Being lazy is a lifestyle for some people, but the Bible tells us that God ordained work for man and so laziness is sin. “Go to the ant, you sluggard! Consider her ways and be wise” (Proverbs 6:6).
The Bible talks a lot about laziness, in Proverbs we read many verses concerning laziness and warnings to the lazy person: “The sluggard’s craving will be the death of him because his hands refuse to work” (21:25); he loves sleep: “As a door turns on its hinges, so a sluggard turns on his bed” (26:14); he gives excuses: “The sluggard says, ‘There is a lion in the road, a fierce lion roaming the streets’” (26:13); he wastes time and energy: “He who is slothful in his work is a brother to him who is a great waster” (18:9 KJV); he believes he is wise but is a fool: “The sluggard is wiser in his own eyes than seven men who answer discreetly” (26:16).
In Proverbs, we also read about the end of a lazy person: A lazy person becomes a servant (or debtor): “Diligent hands will rule, but laziness ends in slave labor” (12:24); his future is bleak: “A sluggard does not plow in season; so at harvest time he looks but finds nothing” (20:4); he may come to poverty: “The soul of the lazy man desires and has nothing, but the soul of the diligent shall be made rich” (13:4 KJV).
It is clear that a Christian believer cannot be lazy but if they believe that God expects no fruit from a transformed life then they will become lazy. “For we are God’s workmanship, created in Christ Jesus to do good works, which God prepared in advance for us to do” (Ephesians 2:10).
Christians are not saved by works, but they do show their faith by their works (James 2:18, 26). Slothfulness violates God’s purpose—good works. The Lord, however, empowers Christians to overcome the flesh’s propensity to laziness by giving us a new nature (2 Corinthians 5:17).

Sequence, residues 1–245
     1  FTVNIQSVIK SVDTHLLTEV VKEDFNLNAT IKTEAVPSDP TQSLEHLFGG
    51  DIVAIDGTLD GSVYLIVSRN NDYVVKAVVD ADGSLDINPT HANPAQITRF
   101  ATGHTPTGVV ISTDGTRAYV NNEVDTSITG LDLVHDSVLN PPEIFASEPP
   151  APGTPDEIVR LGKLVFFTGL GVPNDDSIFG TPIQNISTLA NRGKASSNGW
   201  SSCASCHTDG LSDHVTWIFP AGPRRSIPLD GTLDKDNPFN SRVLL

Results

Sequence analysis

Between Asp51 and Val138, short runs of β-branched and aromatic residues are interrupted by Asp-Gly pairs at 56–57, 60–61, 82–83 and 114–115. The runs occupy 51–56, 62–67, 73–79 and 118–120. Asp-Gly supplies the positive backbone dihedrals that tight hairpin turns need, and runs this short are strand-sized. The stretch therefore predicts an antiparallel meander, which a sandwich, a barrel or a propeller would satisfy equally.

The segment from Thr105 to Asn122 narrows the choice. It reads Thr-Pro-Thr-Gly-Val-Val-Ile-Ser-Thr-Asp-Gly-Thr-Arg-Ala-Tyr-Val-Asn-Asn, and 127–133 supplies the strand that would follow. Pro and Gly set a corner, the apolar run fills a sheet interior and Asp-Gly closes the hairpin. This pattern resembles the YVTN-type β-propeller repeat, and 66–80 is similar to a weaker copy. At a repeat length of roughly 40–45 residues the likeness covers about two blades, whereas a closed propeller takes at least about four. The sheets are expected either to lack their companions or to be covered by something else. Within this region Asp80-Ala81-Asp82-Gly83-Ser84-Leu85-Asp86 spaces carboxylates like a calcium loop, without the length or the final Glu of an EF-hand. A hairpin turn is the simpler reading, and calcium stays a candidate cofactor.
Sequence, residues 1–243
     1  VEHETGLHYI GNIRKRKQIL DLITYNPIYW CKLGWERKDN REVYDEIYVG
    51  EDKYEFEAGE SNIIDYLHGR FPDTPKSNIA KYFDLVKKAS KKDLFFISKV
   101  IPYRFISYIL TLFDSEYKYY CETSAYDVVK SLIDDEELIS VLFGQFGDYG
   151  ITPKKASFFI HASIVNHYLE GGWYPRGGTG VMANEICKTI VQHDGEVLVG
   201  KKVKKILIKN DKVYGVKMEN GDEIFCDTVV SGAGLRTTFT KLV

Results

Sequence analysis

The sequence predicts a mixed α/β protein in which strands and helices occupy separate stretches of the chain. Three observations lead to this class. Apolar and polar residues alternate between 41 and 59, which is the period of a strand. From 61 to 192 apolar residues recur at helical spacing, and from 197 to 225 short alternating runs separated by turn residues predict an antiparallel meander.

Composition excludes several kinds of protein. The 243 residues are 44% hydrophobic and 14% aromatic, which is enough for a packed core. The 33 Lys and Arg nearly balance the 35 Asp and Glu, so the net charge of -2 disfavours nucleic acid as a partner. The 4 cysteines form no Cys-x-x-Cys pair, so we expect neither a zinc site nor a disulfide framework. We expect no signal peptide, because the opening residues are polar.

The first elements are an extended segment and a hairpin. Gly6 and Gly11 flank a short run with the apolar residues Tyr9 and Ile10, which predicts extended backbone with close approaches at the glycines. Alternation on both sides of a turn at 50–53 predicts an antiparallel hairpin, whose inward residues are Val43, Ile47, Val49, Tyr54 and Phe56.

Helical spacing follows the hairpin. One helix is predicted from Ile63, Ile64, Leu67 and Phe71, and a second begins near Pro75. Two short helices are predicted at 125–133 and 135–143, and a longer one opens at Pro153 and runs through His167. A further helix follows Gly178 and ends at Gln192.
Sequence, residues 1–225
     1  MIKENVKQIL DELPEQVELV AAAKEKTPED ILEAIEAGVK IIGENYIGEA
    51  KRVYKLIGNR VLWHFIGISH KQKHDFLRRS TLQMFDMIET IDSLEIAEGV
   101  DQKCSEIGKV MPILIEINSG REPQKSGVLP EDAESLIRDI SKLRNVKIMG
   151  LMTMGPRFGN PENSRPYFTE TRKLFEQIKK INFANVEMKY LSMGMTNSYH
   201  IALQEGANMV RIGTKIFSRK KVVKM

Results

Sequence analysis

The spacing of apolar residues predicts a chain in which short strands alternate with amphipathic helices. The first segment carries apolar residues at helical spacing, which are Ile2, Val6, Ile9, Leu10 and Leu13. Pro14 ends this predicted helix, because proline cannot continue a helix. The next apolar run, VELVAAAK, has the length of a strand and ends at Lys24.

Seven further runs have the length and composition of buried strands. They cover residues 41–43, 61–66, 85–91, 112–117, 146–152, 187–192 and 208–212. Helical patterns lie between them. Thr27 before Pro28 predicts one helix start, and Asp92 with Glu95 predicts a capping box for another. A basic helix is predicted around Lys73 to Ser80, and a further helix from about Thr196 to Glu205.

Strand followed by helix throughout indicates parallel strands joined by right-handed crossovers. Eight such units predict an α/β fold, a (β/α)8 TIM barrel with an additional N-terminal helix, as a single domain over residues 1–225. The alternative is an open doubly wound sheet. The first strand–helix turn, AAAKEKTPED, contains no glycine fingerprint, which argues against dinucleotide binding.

As Christians, we know that our labors will be rewarded by our Lord if we persevere in diligence: “Let us not become weary in doing good, for at the proper time we will reap a harvest if we do not give up. Therefore, as we have opportunity, let us do good to all people, especially to those who belong to the family of believers” (Galatians 6:9-10).
“Whatever you do, work at it with all your heart, as working for the Lord, not for men, since you know that you will receive an inheritance from the Lord as a reward. It is the Lord Christ you are serving” (Colossians 3:23-24); “God is not unjust; he will not forget your work and the love you have shown him as you have helped his people and continue to help them” (Hebrews 6:10).
As Christians we have to work hard in God’s strength to evangelize and disciple. The apostle Paul is our example: “We proclaim him [Christ], admonishing and teaching everyone with all wisdom, so that we may present everyone perfect in Christ. To this end I labor, struggling with all his energy, which so powerfully works in me” (Colossians 1:28-29).
Even in heaven, we will continue to work and serve God, although no longer encumbered by the curse (Revelation 22:3). Free from sickness, sorrow, and sin—even laziness—the saints will glorify the Lord forever. “Therefore, my dear brothers, stand firm. Let nothing move you. Always give yourselves fully to the work of the Lord, because you know that your labor in the Lord is not in vain” (1 Corinthians 15:58).